“It is a long process. From the moment you have an idea to the moment that you can launch the satellite, easily 20 years can pass. It is kind of scary that you have to put together the technology which will be useful 20 years from now. As a result, space science incorporates many innovations and breakthroughs in technology, which when you build a satellite are extremely costly, but years later, have an indirect result on the more accessible costs of technology. For example, smart phones can take high quality photos thanks to the same technology used on-board satellites launched 20 years ago. Much of the technology we use in daily life has comes from space science,” said Sara

Sara’s current research investigates data from existing satellites. “I use the predictions of Einstein’s theory of relativity to try to understand what happens to the matter around the black hole. You need to have a clear theory of what you hope to see, what you predict is happening in order to focus your research. As an observational astronomer I work with real light data from real sources, which I compare with the predictions of general relativity.”

“I can work out the velocity of the particles that are orbiting the black holes, because their movement is well predicted by the theory of general relativity and is associated to a certain frequency that I can see in the data using Fourier analysis. This technique allows you to decompose the light from your astrophysical source into many waves, each with a certain frequency. For the past couple of years I have been looking for the specific frequency of particles orbiting black holes and comparing this with my theoretical predictions. For me this is all very exciting – I feel I am contributing to the knowledge of humanity. However it can be incredibly confusing as we have so much data and so many theories that it is often very difficult to create order and decide if a theory is correct or not. But when you find something it is much more rewarding! Then you feel like you understand a piece of the universe and that is amazing.”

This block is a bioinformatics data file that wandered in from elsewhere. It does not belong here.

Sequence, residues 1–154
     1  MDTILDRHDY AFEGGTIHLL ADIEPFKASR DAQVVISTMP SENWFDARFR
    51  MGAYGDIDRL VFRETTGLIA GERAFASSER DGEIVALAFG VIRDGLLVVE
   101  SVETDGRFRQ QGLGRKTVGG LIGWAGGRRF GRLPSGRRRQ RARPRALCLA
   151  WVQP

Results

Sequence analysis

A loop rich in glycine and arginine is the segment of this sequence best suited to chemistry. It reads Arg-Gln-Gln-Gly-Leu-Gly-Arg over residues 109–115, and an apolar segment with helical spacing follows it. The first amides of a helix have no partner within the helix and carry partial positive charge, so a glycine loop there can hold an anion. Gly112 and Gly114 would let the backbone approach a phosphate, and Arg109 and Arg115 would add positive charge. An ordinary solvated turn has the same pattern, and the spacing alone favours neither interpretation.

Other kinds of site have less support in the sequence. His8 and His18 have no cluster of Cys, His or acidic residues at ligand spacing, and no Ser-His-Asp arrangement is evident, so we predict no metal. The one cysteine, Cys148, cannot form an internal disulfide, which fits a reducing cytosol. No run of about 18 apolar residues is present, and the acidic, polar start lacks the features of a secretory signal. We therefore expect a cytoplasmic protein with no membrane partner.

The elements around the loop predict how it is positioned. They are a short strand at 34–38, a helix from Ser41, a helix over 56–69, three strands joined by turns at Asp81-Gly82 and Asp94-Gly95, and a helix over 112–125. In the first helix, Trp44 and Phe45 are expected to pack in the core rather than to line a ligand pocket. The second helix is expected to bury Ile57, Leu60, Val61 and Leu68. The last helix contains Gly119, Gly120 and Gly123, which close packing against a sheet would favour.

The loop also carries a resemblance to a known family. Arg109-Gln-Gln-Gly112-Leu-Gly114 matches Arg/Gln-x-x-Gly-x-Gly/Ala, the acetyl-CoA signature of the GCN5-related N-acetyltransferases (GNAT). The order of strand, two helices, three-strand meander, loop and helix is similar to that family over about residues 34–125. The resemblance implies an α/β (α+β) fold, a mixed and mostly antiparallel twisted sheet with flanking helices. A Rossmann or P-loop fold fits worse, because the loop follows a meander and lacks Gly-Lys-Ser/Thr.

Sara admits to bias, but believes that in Astrophysics, the expansion of our general knowledge progresses really fast, probably faster then in many other fields. “Each time you have a good idea and design a new instrument, you expand your knowledge so quickly, discovering new things every day. Think of how much we have learned about Pluto from the New Horizon mission, and from the Philae Lander probe from the Rosetta mission to safely land on a comet only a few months ago!”

More about LOFT

The Large Observatory for X-ray Timing (LOFT) is a proposed ESA space mission originally slated to launch around 2022, and now proposed to launch around 2025.

The mission will be devoted to the study of neutron stars, black holes and other compact objects by means of their very rapid X-ray variability. LOFT is supported by a large international collaboration, led by researchers spread over most of the European countries, including Italy, Switzerland, Germany, Denmark, United Kingdom, Greece, Ireland, the Netherlands, Poland, Czech Republic, Spain, and with contributions from Brazil, Canada, Israel, United States and Turkey. SRON Netherlands Institute for Space Research acts as principal investigator.